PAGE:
How To Measure A Chainsaw Bar And Chain

You’re looking to replace your chainsaw bar or chainsaw chain, but you don’t know what size you’ll need.

Simply guessing isn’t the best way. Instead, let me show you how to get the most accurate measurement on your chainsaw bar and chain. My guide here will be useful if you’ve lost your manual or just don’t know where to start with your measurements.

At the end of the guide, you’ll realize how easy it is to measure your chainsaw bar, so there’s no need for any vague and inaccurate estimations!

How to Measure A Chainsaw Bar

As you’re shopping for your chainsaw bar (also known as chainsaw blade or chainsaw guide), you’ll need to have two measurements in mind. They are the effective length and the true length.

Step 1: Safety First

Before you even start, the first thing to do is to shut your chainsaw. Remember to unplug its spark plug too (it’s on the rear of your chainsaw, hidden under the carburetor box).

Yes, you will have to remove the bolt that holds down the carburetor box to get to the spark plug. Turning your power tool off completely is essential, so it doesn’t turn on when you’re doing your measurement.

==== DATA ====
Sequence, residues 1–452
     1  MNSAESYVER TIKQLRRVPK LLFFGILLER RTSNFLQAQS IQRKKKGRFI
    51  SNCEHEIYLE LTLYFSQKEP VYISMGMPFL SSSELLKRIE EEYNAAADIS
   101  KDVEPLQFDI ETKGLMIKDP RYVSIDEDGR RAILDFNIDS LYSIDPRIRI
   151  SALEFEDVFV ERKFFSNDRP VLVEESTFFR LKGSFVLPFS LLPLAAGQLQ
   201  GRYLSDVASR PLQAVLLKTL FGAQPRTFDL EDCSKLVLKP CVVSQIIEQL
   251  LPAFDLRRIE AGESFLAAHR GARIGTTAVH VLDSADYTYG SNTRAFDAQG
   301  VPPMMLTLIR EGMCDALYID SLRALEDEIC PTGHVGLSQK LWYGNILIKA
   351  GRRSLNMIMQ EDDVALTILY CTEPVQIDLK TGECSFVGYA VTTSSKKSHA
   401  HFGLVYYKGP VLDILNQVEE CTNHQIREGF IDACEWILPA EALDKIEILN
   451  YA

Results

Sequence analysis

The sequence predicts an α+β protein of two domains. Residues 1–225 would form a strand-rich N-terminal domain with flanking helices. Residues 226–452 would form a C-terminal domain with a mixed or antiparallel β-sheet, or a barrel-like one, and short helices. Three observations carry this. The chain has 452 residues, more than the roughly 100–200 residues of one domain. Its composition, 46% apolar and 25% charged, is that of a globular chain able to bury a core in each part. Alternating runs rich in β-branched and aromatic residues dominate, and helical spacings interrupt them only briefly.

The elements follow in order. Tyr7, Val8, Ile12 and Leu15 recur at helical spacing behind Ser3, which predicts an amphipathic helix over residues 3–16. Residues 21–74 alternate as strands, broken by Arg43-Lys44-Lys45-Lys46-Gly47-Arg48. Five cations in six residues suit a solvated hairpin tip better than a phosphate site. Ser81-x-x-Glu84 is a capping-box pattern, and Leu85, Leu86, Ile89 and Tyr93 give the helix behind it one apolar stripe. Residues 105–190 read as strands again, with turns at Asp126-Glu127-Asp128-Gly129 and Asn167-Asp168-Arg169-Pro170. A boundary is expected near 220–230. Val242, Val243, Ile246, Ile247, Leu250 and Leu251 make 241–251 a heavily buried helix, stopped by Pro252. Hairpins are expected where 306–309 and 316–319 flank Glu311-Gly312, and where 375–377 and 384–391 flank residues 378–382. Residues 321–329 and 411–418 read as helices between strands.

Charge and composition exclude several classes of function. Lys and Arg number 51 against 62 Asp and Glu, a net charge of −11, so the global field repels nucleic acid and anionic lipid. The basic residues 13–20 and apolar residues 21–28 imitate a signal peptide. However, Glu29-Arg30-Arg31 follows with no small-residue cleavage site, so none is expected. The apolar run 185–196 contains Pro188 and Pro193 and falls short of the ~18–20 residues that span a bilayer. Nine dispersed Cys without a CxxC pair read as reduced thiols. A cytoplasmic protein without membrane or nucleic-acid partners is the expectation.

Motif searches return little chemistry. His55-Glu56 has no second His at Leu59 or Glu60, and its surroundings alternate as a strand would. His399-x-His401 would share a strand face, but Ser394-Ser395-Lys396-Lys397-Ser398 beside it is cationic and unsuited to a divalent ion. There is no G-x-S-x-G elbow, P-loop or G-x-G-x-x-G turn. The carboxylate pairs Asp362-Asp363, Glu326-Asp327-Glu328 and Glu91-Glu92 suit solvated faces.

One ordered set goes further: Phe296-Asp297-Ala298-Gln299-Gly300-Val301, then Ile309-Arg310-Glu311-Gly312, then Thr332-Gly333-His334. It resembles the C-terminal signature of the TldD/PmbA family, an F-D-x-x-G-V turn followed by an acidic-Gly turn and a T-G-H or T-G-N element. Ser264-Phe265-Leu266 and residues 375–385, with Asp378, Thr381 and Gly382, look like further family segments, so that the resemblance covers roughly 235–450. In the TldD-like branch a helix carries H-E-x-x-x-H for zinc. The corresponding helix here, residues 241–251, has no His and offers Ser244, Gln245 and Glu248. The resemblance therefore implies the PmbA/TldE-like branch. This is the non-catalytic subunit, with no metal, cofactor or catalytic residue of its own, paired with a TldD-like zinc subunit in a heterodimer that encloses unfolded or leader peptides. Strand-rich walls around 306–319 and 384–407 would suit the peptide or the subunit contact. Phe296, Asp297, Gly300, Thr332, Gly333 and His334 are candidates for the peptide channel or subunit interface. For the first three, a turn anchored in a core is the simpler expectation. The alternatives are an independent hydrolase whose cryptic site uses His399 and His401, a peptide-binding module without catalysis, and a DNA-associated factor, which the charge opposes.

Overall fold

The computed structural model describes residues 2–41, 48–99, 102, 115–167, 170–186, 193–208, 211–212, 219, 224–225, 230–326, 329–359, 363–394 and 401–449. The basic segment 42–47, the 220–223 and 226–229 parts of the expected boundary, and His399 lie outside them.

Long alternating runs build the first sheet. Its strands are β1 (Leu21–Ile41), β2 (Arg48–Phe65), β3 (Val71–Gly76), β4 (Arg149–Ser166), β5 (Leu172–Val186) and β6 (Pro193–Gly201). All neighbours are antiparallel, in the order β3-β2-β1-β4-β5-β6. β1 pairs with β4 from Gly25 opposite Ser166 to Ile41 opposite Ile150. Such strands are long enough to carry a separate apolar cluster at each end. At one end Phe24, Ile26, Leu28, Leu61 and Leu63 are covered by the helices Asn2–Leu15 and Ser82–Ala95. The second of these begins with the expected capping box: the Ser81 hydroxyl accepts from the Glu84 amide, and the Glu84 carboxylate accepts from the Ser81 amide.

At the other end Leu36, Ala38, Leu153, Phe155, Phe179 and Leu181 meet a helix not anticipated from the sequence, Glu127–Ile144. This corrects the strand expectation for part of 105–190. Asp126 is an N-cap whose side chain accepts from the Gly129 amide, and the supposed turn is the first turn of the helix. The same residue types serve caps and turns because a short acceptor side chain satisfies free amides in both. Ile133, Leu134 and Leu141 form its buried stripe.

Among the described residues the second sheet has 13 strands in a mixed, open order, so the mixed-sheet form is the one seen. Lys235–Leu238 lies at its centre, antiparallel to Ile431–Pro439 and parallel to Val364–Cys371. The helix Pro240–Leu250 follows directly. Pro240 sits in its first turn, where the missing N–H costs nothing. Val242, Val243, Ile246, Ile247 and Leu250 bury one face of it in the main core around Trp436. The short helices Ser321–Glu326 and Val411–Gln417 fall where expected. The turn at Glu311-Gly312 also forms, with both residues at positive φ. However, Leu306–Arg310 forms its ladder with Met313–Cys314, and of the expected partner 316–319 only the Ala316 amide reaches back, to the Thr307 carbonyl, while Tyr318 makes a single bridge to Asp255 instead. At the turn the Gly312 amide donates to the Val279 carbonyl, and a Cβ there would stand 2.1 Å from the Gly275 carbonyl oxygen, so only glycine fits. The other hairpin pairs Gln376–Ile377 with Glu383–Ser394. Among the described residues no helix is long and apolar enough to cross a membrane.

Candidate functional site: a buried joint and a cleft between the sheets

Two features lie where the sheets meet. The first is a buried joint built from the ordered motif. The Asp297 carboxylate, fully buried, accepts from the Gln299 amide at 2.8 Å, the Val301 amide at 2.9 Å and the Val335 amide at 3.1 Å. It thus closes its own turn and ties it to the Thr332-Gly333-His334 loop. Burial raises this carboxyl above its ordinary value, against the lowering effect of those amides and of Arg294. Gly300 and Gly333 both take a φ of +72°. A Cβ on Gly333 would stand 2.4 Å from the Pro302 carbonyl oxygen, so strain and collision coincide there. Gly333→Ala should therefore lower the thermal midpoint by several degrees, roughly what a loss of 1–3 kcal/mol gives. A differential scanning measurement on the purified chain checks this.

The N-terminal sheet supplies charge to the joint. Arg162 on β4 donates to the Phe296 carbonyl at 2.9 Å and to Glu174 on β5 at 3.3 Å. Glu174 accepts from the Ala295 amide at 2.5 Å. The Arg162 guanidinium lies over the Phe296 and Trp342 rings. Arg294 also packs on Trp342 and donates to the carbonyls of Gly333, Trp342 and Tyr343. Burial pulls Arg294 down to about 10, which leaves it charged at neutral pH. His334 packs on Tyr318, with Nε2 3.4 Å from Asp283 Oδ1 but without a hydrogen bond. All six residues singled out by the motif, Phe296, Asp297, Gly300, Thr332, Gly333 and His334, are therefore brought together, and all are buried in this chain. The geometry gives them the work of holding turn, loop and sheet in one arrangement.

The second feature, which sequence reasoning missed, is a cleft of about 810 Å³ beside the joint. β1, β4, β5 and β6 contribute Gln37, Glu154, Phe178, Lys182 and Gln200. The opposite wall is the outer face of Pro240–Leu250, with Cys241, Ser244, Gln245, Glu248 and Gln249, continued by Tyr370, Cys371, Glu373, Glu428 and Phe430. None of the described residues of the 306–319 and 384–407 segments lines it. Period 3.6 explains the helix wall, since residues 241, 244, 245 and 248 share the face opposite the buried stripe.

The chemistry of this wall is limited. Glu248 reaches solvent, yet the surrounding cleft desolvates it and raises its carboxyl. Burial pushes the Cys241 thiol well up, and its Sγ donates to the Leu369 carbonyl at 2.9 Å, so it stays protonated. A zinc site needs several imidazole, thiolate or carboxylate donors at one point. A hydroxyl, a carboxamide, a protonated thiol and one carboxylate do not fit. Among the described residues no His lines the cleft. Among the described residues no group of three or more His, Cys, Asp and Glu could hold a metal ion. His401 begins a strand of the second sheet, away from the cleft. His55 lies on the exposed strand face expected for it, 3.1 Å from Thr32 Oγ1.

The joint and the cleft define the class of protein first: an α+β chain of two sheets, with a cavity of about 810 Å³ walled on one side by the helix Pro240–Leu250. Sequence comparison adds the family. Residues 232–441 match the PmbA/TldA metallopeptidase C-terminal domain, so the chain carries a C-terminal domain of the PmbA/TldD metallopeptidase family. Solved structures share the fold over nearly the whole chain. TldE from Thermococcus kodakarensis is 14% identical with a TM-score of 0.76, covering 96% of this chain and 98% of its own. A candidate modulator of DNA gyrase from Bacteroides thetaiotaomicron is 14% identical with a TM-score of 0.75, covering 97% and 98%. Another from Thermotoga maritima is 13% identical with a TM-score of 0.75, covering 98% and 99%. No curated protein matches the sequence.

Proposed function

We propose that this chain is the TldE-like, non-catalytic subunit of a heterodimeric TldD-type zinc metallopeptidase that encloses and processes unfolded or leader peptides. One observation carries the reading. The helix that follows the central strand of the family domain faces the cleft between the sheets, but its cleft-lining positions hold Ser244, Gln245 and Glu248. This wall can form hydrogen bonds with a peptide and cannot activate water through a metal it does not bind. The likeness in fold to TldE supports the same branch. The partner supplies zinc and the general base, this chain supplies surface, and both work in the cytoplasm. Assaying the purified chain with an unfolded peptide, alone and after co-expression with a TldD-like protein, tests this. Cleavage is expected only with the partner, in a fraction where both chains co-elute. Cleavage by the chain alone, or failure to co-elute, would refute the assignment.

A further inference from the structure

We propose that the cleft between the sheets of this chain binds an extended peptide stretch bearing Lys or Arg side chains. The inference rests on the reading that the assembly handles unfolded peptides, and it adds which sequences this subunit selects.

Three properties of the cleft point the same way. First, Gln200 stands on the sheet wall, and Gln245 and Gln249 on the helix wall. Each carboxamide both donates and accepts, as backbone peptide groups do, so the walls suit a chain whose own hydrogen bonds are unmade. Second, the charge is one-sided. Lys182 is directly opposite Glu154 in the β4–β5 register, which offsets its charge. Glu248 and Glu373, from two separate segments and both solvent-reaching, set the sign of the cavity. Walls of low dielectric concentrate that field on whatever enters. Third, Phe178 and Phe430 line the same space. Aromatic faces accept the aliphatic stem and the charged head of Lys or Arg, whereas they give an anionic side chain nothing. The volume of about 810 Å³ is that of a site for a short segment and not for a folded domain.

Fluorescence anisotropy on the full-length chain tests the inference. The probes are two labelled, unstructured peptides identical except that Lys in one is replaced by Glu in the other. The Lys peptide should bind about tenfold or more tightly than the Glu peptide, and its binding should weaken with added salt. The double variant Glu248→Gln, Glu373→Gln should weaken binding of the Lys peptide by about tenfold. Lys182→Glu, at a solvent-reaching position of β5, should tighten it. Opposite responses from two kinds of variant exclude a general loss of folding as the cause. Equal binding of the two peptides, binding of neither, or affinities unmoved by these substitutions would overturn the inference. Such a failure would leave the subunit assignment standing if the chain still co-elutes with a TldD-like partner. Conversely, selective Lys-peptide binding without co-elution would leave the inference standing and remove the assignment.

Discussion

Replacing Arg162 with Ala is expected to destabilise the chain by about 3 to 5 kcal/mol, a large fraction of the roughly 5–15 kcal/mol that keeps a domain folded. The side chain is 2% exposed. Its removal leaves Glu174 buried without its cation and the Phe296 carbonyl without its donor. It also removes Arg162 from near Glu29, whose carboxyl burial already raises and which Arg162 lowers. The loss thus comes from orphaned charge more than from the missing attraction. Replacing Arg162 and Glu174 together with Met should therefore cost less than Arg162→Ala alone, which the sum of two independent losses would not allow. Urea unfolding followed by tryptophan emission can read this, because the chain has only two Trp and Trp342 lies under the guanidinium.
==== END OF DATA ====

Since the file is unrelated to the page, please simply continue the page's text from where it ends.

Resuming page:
Step 2: Getting The Effective Cutting Length

This is the simplest type of measurement because the effective cutting length is really just the length of the bar.

This is the length from the tip of the blade to where the bar is actually attached to the chainsaw. It’s fairly easy to measure: all you need to do is place your tape measure at the base of the blade, going to the tip of the blade. You’ll measure just until the bar disappears into the chainsaw body in order to find the cutting length.

Effective Cutting Length

Remember to keep the chainsaw on a flat and steady surface in order to get the most accurate read.

You might not have an exact number by doing this, so no matter what your measurement is, just round up to the nearest even number in inches.

Just as an example then, if you get 18 and ½ inches for your length, the best thing to do is round up to 20 inches, since 20 would be the nearest even number. Avoid rounding up to 19 since it’s not an even number. This is because chainsaw measurements are not taken in odd numbers, so you would never say you have a cutting length of 19 inches.